Below the fold…
[Spoilers for Jurassic World follow]
Jurassic World is a spectacular film. The scale of the resurrected-dinosaur franchise did not appreciably increase with the previous two sequels two decades ago, but here, it swells to encompass a larger ecology of reborn dinosaurs, a larger setting, and a larger cinematic vision, which is a fitting continuation to the spectacle of its forebears. Less fortunately, that larger scale has pushed the franchise away from its suspenseful, adventure-film roots toward creature-feature garishness. At least they added or restored several characters of color and acknowledged in-universe that their undead sauropsids often bear only superficial resemblance to their ostensible forebears.
As much as the biologist in me was shrieking the whole time, the movie had one joyous redeeming feature, and that was Bryce Dallas Howard’s character, Claire Dearing.
The human brain has a great deal of real estate devoted to the tasks of recognizing faces and recognizing emotions in those faces. Neither of these tasks is foolproof: seeing faces where they are none is the most common form of pareidolia and has whole religions devoted to it, and prosopagnosia and difficulty reading emotions in faces are both common difficulties associated with autism. One of the most common malfunctions of this facial recognition module is treating animals as though their facial expressions and other behavioral signifiers mean the same things as ours. It’s from here that we eventually get snarling velociraptors in modern creature features.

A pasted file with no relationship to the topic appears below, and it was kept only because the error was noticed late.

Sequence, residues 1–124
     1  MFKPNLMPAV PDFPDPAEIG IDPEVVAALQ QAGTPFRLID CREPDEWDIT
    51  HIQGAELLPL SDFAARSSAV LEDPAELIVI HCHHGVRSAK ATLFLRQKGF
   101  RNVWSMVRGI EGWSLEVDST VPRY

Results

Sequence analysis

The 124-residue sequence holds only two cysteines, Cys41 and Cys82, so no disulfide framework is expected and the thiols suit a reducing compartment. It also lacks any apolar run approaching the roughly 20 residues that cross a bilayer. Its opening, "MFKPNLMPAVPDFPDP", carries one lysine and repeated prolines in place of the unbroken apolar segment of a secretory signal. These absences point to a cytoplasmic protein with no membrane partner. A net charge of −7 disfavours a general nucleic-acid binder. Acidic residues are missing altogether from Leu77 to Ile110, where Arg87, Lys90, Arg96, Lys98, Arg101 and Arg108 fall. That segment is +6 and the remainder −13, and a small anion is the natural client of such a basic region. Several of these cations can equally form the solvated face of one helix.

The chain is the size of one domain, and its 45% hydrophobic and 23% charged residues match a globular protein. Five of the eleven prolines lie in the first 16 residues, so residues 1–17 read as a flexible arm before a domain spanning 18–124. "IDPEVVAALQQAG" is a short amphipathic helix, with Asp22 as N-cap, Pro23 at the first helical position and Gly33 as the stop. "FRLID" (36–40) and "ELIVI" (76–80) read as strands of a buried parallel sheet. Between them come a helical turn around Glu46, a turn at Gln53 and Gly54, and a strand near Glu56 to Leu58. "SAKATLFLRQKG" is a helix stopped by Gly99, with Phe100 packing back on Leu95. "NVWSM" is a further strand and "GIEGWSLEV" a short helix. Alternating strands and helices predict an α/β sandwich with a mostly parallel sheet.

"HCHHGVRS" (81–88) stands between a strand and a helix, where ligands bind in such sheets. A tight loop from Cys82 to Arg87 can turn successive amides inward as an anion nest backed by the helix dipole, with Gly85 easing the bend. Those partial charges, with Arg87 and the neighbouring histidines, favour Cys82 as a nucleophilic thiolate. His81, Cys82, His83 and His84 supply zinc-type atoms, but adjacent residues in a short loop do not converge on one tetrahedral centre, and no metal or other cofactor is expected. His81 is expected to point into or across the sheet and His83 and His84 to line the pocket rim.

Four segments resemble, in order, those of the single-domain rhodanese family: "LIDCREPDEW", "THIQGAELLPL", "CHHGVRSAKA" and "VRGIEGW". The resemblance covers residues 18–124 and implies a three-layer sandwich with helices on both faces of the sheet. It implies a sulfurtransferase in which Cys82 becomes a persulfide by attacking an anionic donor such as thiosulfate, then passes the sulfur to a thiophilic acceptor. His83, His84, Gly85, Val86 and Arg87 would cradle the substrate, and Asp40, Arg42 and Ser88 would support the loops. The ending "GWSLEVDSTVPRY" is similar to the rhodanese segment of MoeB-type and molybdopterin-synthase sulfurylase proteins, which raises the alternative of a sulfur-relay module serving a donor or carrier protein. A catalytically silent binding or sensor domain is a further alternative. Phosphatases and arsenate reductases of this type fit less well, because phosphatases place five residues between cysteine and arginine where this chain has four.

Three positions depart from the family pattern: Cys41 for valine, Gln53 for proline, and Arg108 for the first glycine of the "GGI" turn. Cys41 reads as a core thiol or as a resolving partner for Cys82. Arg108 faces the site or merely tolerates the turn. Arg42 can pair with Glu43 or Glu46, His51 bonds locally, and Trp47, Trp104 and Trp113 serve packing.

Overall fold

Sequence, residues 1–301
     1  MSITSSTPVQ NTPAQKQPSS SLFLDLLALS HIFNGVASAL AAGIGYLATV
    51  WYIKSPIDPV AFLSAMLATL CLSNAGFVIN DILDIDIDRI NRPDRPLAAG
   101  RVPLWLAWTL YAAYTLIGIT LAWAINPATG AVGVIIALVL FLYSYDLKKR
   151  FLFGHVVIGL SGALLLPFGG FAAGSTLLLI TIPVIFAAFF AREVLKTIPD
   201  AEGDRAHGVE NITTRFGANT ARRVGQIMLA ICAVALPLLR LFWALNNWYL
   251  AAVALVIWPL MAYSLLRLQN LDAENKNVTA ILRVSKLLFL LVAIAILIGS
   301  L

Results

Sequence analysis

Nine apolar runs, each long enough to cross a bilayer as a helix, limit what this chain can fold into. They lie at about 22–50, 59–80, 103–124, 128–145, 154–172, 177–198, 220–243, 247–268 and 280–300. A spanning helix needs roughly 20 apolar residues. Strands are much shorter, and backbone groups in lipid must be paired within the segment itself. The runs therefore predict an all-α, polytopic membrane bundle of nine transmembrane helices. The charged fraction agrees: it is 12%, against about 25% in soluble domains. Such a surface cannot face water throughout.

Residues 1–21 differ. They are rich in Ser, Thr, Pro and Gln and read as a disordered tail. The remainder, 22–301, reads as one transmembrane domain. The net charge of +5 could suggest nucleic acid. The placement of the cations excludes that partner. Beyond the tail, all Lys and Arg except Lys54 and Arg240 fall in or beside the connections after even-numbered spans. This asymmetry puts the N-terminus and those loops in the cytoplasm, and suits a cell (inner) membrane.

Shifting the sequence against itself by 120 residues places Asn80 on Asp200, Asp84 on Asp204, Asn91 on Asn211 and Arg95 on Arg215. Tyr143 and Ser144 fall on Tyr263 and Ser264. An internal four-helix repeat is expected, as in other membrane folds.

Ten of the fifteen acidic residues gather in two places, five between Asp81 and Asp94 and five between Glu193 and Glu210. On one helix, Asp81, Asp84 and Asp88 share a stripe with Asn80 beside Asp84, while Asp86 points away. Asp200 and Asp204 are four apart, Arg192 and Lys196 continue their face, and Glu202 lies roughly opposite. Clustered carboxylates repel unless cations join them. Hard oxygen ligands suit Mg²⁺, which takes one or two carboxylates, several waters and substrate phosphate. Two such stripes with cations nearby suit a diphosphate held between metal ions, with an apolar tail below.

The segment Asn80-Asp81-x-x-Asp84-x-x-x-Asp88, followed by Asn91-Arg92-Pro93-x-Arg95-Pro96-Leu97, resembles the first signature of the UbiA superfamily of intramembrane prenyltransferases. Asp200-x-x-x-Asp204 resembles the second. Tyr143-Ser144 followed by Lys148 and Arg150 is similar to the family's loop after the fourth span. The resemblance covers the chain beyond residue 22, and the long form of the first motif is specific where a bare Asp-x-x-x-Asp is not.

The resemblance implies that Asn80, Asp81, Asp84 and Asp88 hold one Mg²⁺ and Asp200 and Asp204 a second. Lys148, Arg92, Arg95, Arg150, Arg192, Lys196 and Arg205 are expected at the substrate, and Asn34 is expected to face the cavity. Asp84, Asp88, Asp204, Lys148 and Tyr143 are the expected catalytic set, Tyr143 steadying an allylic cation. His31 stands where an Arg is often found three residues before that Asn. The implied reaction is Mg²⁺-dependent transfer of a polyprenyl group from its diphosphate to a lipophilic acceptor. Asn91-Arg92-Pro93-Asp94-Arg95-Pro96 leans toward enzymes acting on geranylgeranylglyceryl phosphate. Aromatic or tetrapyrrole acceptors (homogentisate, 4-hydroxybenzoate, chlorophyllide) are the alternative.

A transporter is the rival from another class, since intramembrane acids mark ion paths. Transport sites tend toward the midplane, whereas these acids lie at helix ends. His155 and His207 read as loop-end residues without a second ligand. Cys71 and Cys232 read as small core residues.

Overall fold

A great deal of cruelty is had when people refuse to read animals for what they are saying, and instead read what they think ought to be there.